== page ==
Wild-type and innate immune-deficient mice are not susceptible to the Middle East respiratory syndrome coronavirus
JournalJournal of General Virology
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AbstractThe Middle East respiratory syndrome coronavirus (MERS-CoV) is a newly emerging highly pathogenic virus causing almost 50% lethality in infected individuals. The development of a small animal model is critical for the understanding of this virus and to aid in development of countermeasures against MERS-CoV. We found that BALB/c, 129/SvEv and 129/SvEv STAT1 knockout mice are not permissive to MERS-CoV infection. The lack of infection may be due to the low level of mRNA and protein for the MERS-CoV receptor, dipeptidyl peptidase 4 (DPP4), in the lungs of mice. The low level of DPP4 in the lungs likely contributes to the lack of viral replication in these mouse models and suggests that a transgenic mouse model expressing DPP4 to higher levels is necessary to create a mouse model for MERS-CoV.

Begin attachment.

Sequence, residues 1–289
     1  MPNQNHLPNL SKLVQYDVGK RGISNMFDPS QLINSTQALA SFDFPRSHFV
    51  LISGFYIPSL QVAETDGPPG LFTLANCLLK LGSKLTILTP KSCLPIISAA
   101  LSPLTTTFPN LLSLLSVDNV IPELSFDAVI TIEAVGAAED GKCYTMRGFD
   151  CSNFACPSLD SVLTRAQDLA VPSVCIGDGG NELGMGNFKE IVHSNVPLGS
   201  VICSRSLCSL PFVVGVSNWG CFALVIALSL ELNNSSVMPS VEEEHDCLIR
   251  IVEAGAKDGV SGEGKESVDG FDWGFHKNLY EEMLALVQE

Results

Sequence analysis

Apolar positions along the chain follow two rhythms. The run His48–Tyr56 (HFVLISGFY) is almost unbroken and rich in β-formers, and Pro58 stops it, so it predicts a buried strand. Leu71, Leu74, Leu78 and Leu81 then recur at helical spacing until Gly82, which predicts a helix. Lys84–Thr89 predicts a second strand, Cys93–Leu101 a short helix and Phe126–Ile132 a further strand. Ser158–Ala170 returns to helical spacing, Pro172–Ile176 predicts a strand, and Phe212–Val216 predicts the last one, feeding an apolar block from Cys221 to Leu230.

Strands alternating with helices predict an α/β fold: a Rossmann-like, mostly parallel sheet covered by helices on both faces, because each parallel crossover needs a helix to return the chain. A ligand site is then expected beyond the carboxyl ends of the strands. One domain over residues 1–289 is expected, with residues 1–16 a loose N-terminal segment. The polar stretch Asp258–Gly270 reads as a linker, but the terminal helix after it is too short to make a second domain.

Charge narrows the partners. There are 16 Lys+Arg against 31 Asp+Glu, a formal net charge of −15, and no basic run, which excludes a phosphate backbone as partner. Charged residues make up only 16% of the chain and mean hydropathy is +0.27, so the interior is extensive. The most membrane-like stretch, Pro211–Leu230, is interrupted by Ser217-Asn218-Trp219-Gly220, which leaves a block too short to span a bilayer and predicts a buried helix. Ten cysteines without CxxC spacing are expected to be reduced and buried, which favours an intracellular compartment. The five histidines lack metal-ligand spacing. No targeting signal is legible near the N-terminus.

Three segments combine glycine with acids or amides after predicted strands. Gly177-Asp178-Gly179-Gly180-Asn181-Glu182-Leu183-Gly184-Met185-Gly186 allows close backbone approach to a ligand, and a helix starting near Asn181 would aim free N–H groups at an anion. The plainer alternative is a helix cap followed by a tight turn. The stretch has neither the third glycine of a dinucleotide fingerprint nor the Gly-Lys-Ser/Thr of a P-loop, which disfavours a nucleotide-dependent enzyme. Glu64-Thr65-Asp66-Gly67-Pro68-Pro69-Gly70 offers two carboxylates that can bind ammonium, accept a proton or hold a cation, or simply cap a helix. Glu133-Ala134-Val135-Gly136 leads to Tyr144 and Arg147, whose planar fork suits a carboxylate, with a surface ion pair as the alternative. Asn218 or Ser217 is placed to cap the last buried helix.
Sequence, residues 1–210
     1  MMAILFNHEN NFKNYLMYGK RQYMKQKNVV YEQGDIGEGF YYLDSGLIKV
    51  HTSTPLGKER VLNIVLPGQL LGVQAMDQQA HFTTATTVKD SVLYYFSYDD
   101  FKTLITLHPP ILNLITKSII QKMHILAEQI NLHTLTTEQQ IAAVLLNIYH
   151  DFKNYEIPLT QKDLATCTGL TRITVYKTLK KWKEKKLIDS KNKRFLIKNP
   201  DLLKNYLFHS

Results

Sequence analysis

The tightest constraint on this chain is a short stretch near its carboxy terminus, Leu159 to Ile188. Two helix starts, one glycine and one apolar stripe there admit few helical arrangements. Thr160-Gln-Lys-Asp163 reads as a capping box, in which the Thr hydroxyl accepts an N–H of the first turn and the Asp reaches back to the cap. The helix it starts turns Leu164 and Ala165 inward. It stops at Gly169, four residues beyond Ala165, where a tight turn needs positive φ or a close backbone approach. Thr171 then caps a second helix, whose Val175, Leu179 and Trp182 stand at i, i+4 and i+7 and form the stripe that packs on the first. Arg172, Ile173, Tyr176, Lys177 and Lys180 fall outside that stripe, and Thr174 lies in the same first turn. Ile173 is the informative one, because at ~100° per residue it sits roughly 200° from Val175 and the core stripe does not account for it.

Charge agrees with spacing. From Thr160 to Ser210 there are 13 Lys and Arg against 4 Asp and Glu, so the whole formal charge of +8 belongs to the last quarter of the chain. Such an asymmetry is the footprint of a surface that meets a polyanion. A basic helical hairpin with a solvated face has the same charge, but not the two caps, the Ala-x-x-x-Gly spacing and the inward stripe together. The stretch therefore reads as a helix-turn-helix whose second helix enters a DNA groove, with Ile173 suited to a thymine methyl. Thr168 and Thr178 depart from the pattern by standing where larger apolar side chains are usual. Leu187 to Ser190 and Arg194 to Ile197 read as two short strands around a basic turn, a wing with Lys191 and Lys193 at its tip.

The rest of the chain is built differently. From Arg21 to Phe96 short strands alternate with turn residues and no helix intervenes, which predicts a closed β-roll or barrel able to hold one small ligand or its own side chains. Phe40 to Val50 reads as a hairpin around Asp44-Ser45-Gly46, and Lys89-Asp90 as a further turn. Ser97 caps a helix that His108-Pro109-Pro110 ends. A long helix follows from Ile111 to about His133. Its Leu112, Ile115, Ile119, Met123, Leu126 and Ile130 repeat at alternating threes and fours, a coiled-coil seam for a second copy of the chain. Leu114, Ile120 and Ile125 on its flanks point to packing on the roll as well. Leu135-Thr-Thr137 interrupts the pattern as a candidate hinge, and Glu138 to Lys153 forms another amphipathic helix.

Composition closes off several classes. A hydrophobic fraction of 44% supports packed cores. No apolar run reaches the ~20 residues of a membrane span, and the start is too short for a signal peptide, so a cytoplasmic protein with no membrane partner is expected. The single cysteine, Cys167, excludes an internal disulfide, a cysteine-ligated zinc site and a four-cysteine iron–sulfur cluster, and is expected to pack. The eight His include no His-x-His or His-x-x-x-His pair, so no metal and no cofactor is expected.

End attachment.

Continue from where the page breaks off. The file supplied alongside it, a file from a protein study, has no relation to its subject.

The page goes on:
SponsorsNational Institutes of Health, NIH: RO1 AI 095569-01
Identifier to cite or link to this itemhttps://www.scopus.com/inward/record.uri?eid=2-s2.0-84892579594&doi=10.1099%2fvir.0.060640-0&partnerID=40&md5=d52d535dda8958bfd82c5b4546490dab; http://hdl.handle.net/10713/12413